Socrates knows that anger won’t change the matter of the situation; one thing he can control is his emotions and his response. He addresses the matter and controls what he can in the situation with ease and poise. Although I do think it would be totally appropriate for Socrates to express anger it just fits his character more for him not to be. Plus he also believes that there is no way in which anybody could harm him. For example, Socrates says, neither Meletus nor Anytus can harm me in any way; he could not harm me, for I do not think it is permitted that a better man be harmed by a worse; certainly he might kill me, or perhaps banish or disenfranchise me, which maybe he and others think to be great harm, but I do not think so. (30 d)
Socrates views on death are that no good man should take into account the risk of life or death. He should look only into his actions and as to whether his actions are right or wrong.
He doesn’t seem to be angered because he knows deep down that he is right, which makes him innocent of what he is being accused of (in his opinion). It almost seems that Socrates’ ego is diluting any rage he may have felt.
Socrates does not try to get acquitted because it would hurt his reputation saying whether I am brave in the face of death is another matter, but with regard to my reputation and yours and that of the whole city, it does not seem right to me to do these things, especially at my age and with my reputation. (e 35)
However, people becoming angered depends on the scenario of injustice
It seems like he isn’t angry because he thinks that a god put him in the city for a reason and that in killing him the city would lose something/someone valuable and wouldn’t find someone as like him. He thinks he is God’s gift to the city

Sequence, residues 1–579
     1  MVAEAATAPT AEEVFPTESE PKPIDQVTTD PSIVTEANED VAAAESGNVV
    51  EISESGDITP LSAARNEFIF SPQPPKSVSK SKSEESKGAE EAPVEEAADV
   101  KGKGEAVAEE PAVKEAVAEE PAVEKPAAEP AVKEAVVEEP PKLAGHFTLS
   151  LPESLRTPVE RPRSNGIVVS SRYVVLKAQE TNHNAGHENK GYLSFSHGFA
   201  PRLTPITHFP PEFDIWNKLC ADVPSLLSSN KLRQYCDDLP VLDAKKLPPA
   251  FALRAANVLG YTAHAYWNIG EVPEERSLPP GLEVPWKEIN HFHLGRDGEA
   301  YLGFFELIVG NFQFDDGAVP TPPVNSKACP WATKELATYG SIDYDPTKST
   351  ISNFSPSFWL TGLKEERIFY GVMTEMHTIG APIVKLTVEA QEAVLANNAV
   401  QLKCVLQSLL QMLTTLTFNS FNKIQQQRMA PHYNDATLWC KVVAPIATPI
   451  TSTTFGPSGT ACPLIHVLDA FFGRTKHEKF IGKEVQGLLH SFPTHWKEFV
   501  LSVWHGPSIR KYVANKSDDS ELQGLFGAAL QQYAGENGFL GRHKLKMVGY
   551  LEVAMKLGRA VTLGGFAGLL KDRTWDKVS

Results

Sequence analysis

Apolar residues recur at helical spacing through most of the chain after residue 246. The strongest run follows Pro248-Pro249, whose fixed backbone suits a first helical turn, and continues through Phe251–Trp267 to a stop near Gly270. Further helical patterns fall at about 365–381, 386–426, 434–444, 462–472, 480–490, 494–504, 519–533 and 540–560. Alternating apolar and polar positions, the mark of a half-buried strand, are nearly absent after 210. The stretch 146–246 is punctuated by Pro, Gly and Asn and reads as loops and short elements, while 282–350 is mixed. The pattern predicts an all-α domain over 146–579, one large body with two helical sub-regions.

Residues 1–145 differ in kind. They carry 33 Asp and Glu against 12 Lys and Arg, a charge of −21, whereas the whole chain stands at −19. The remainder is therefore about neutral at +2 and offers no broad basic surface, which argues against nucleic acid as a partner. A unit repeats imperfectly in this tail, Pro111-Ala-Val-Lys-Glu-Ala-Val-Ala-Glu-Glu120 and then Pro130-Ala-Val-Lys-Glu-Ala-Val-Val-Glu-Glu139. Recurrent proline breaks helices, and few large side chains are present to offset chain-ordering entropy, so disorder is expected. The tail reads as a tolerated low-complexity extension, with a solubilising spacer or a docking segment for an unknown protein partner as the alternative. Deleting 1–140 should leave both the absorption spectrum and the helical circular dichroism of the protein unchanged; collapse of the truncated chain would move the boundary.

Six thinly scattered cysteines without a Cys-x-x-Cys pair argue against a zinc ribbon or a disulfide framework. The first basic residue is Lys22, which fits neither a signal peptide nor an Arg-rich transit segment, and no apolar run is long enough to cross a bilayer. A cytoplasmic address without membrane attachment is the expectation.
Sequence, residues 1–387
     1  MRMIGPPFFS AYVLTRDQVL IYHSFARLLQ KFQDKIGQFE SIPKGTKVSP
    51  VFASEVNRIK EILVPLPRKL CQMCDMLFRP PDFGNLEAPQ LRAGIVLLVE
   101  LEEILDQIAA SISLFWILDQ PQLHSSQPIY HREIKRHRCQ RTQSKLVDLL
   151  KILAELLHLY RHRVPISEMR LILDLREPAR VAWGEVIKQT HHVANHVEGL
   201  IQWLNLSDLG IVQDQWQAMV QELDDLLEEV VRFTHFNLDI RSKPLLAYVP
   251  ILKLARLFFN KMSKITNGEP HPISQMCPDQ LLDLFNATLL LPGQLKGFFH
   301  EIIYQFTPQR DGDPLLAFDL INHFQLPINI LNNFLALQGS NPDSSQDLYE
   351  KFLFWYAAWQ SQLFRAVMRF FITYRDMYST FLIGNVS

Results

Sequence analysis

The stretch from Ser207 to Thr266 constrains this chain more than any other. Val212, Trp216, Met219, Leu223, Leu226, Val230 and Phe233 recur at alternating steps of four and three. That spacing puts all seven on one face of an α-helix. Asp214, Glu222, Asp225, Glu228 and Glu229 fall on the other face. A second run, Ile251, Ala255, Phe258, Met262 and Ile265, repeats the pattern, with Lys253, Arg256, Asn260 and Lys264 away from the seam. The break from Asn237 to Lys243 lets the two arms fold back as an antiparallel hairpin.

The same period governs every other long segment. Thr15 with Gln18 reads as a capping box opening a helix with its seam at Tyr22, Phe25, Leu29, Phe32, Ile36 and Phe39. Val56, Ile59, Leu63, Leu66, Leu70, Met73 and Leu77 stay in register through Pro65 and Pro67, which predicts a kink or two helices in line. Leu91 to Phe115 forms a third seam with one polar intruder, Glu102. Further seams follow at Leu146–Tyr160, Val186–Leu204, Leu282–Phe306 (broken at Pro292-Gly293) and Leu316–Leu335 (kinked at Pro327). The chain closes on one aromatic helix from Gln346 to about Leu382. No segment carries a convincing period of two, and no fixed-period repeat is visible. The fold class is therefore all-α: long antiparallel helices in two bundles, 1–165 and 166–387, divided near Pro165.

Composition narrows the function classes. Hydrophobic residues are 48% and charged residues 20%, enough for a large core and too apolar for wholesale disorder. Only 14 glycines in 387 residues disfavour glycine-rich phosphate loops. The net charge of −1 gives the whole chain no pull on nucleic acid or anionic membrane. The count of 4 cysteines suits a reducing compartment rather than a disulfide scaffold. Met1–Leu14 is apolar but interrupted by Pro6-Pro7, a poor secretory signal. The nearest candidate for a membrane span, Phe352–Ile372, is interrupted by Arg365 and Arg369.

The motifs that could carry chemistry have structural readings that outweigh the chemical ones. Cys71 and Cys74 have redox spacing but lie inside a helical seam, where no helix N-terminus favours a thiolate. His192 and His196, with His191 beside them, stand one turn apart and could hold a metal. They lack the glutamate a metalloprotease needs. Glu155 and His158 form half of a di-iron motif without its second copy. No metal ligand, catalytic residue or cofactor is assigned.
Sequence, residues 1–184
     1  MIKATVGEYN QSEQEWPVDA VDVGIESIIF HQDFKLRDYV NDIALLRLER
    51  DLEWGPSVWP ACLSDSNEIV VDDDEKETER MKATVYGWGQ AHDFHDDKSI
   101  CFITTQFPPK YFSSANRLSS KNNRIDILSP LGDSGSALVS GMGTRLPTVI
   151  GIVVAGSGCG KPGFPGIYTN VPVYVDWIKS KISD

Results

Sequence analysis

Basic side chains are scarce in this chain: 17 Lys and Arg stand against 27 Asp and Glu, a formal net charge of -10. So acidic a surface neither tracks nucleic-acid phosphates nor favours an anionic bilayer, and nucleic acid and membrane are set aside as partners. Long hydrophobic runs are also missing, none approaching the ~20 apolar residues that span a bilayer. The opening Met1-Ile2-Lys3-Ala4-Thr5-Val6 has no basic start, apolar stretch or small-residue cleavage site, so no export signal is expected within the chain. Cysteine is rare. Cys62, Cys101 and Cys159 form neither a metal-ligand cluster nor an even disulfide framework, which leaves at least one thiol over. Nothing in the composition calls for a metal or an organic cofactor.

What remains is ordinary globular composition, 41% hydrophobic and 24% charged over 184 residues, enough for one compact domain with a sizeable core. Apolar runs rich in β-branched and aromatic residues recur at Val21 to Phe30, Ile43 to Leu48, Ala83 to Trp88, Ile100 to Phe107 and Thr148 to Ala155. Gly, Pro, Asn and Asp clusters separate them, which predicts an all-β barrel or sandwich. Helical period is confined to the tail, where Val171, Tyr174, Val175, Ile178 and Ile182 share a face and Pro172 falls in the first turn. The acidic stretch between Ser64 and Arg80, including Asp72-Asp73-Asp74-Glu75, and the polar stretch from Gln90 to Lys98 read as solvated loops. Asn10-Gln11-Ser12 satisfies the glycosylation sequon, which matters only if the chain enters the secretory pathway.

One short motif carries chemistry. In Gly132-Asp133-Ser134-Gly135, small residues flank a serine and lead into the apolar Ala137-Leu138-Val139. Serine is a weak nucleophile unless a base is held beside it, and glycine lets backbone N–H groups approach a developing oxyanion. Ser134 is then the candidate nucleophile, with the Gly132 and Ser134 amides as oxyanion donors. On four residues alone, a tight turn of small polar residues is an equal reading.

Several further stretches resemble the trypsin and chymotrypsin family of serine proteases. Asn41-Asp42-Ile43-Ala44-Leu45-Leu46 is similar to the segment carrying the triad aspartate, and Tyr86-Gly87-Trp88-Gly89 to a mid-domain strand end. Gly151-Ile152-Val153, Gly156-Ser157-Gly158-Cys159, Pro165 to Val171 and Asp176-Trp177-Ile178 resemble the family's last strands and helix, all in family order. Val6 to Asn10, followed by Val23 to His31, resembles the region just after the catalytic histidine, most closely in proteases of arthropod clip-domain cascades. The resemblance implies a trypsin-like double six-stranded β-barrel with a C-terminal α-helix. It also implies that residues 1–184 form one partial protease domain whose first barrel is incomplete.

His acceptance towards his unjustly trial is due to a sense of political obligation owed to the state, as Socrates accepts the legitimacy of the legal procedures taken against him.
Socrates agrees that obeying the laws of the state reflects an inherent obligation of himself.
As a citizen of Athens, an individual basically agrees to support its government along with its justice systems.
Socrates believes that if he keeps his cool despite the serious punishment he is being given, he ultimately has power over authority. If he reacted in an angry way, it would only fuel Meletus and Anytus more.
Something that I remember vividly reading is when Socrates says No one really knows what death is or what happens. It might be like a dream. That being said, I think that he may be at peace with the situation because he is Corrupting the young and not believing in the gods in whom the city believes, but in other new divinities. He has done his job and if the council truly believes that he should be held accountable for this, he accepts it. He knows deep down that what he did was for the greater good.
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Contents 1 Is Socrates a teacher? 2 How is he not? 3 What is his stance on responsibility? 4 What do you think of this stance? 5 Why do people […]